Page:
 Revictimisation in the form of domestic violence, rape or systemic abuse
Abuse or neglect of own children (Abuse often follows
an intergenerational cycle)
 Sexual dysfunction (difficulty in arousal, impotency, avoidance of, or phobic reactions to
sexual intimacy)
Gynaecological or prostate problems
Prostitution or promiscuity
Post Traumatic Stress Disorder develops in some people as a response to trauma. The effects of
childhood abuse are comparable to the effects of other severe trauma. e.g. war experiences (The
Australian Psychological Society Ltd, (2000). Managing Traumatic Stress Symptoms & Stressful
Events).
Survivors experience symptoms similar to returned veterans e.g. intrusive thoughts and
flashbacks alternating with avoidance of reminders of the past; number affect alternating with
hyperalertness – these are the cyclical symptoms of PTSD. (Resolving Childhood Trauma,
Catherine Cameron. (2000) A Long-Term Study of Abuse Survivors) Those who have survived by
denying their abuse are forced to face symptoms daily while survivors of the secret war have to
deal with returning memories of abuse. As the professional understanding of trauma survivors has
increased they have become the object of intensive study. (Curtois, C.A. 1998 Healing the Incest
Wound. New York: Norton; Forward & Buck, (1987) Betrayal of Innocence. Los Angeles:
Penguin ; Gelinas (1983) Persisting negative Effects of incest. Psychiatry, 46, 312-332. ; Herman,
(1992) Trauma and Recovery. New York; Basic books.) rather than simply continuing the study it
is now time for society to acknowledge the disability invoked by this condition and do something
about it.
Abuse survivors are also subject to a range of conditions known as Dissociative Disorders. Many
people who have been abused do not remember their abuse. The trauma that they experienced was
so extreme that the experiences were buried deeply within their subconscious. This phenomenon is
referred to in lay terms as ‘Repressed Memory’ or ‘Traumatic Amnesia’.
Dissociative Disorders are caused by severe psychosocial trauma i.e. from personal or
interpersonal experiences. Dissociative Amnesia is ‘an inability to recall important personal
information, usually of a traumatic or stressful nature, that is too extensive to be explained by
normal forgetfulness.” (APA, (1994) Diagnostic and statistical manual of mental disorders (4th.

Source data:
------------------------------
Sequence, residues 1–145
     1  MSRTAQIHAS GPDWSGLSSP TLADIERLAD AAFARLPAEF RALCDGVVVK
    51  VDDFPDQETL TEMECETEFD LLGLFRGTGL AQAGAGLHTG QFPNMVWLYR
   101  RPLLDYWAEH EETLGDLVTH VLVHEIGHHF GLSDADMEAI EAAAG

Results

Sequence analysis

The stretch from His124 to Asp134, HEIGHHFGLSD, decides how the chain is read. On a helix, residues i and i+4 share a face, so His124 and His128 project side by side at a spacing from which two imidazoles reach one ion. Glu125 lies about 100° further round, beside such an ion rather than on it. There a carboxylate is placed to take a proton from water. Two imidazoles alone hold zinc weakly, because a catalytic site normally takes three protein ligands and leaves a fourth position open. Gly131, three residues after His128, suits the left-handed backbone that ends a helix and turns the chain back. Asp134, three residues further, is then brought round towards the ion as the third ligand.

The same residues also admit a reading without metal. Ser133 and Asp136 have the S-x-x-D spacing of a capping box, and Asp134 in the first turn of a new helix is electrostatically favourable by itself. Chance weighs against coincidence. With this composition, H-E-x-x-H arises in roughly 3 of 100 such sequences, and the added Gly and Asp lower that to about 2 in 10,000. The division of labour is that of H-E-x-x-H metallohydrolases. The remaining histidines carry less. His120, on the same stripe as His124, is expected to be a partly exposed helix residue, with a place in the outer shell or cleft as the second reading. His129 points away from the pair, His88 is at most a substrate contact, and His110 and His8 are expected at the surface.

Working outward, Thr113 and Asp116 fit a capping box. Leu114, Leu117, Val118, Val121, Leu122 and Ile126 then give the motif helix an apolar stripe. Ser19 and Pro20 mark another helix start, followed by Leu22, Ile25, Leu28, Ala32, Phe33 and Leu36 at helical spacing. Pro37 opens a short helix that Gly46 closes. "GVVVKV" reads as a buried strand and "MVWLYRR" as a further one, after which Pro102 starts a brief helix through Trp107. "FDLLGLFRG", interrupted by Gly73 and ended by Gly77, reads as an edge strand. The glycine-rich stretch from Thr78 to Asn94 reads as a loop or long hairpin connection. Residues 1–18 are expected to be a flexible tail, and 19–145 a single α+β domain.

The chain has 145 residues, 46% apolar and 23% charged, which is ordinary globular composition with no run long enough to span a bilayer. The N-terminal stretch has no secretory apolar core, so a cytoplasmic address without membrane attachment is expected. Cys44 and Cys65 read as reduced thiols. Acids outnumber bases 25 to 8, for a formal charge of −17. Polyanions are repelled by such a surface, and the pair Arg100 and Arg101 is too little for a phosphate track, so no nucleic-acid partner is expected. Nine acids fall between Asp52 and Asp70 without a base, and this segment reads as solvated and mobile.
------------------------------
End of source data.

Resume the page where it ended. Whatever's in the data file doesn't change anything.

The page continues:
Edition). Washington, DC: Author, p. 478). In addition to causing dissociative amnesia,
psychosocial trauma can produce Dissociative Identity disorder (formally called multiple
personality disorder)or fugue states (memory loss combined with sudden, unexpected travel away
from one’s customary locale, and sometimes even with the assumption of a new identity)
Dissociative amnesia in abuse victims can last for many years. In the study by Catherine Cameron,
Resolving Childhood Abuse, (2000) forgetting lasted from 12 to 55 years from the start of the
abuse. Amnesia had lasted through all or most of the developmental periods of childhood,
adolescence and young adulthood and when it was recovered, it returned in fragments, which
slowly fitted together and seldom provided a complete picture. Long years of ignorance had
obscured the origin of sufferers’ distressing personal and interpersonal problems. And with the
return of memories sufferers were subjected to many years of struggle as they identified and dealt
with the trauma of their childhoods and the mechanisms they had used to survive it.
We as a society are redefining the concept of human rights as a powerful construct for addressing
human needs. The Disability Discrimination Act Inquiry as well as other current government and
community initiatives shows that we as a society care. Shay, J. (1994) Achilles in Vietnam. New
York; Atheneum. asserted that ‘the understanding of trauma can form a solid basis for the science
of human right’ (p.209) Nowhere is this point more pertinent than in considering the implications
of child abuse. Survivors have diverse and complex needs that warrant particular consideration
and support. Thank you for hearing us.
ASCA (Advocates for Survivors of Child Abuse)
